Josh Malerman is soaring with Bird Box and a few other flight plans right now. So he can certainly be excused for being a very busy man of late. He still rocks with The High Strung. He adheres to a disciplined (almost merciless) writing schedule. He’s seeing one of his books, Bird Box, being translated to the screen with Sandra Bullock on board with the principal role. He’s been interviewed by the locals here, the nationals there, and the foreign press is making up for lost time with a few belated entreaties for a word or two.
Josh Malerman was kind enough to sit down and give us a perspective on where things have been and where they’re going. We hope you enjoy the following – and we also hope it prompts you to discover the fictional and frightening landscapes he has fashioned with his mind and pen.
NOTE: We don’t believe in spoiler alerts here, so if you HAVEN’T read Bird Box yet, here are a few details: Something has gone terribly and unexpectedly wrong with the world … an unknown “presence” is driving people to madness when they glimpse it … and society is breaking down within a collective nightmare.
Let us put it this way. Bird Box makes The Road come across like an ill-planned vacation.
And here is Mr. Malerman
“Though I didn’t know what the words meant, I understood the tone.”
del valle: The world is replete with horror these days, but what is genuine horror to the writer of horror fiction?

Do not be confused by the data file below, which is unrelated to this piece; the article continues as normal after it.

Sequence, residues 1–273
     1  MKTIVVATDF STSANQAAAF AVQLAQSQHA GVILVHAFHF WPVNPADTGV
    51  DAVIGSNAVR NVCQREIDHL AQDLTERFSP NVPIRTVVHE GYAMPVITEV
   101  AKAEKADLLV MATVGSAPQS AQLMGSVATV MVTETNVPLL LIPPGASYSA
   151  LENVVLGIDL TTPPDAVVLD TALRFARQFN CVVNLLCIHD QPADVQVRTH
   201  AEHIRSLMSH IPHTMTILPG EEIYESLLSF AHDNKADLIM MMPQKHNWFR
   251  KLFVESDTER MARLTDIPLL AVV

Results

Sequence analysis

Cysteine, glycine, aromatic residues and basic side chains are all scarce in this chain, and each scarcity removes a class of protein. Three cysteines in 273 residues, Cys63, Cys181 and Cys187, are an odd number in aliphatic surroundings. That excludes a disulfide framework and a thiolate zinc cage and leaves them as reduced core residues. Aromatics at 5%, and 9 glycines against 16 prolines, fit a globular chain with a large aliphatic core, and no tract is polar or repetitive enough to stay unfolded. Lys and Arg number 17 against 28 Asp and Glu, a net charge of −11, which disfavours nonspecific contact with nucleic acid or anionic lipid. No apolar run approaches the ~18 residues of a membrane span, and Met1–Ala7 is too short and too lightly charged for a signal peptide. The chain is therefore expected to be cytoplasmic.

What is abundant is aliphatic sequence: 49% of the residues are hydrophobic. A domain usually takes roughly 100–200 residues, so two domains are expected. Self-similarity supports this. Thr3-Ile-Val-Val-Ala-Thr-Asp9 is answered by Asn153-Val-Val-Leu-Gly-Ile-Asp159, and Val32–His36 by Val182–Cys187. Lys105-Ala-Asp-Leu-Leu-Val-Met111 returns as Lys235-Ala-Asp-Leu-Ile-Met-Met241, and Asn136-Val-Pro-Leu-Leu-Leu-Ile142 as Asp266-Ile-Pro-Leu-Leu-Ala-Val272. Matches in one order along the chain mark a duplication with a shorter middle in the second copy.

Malerman: The things I like to read about/write about have been watching man hurt man forever. They’ve been here longer than us. They stood shirtless as the dinosaurs froze, pretended to be only drawings upon cave walls. They’ve witnessed all our idiot cruelties and either it’s popcorn fun for them or they’re keeping a ledger on who’s who, I still can’t tell which. The first monster I encountered was in the womb, a tiny black thing that looked much bigger at the time. He’d built a little ledge high up the womb wall and he’d belch atrocities the echoed down to little me. And though I didn’t know what the words meant, I understood the tone. Yes, the world is indeed replete with horrors and the monsters that scare me deeply are the ones capable of physically touching our worldviews, nudging them in directions we shouldn’t be looking.
del valle: Horror is genre fiction and we find you keeping company today with everyone from Bram Stoker to Stephen King. But does being categorized as a genre writer worry you or are you content with the label?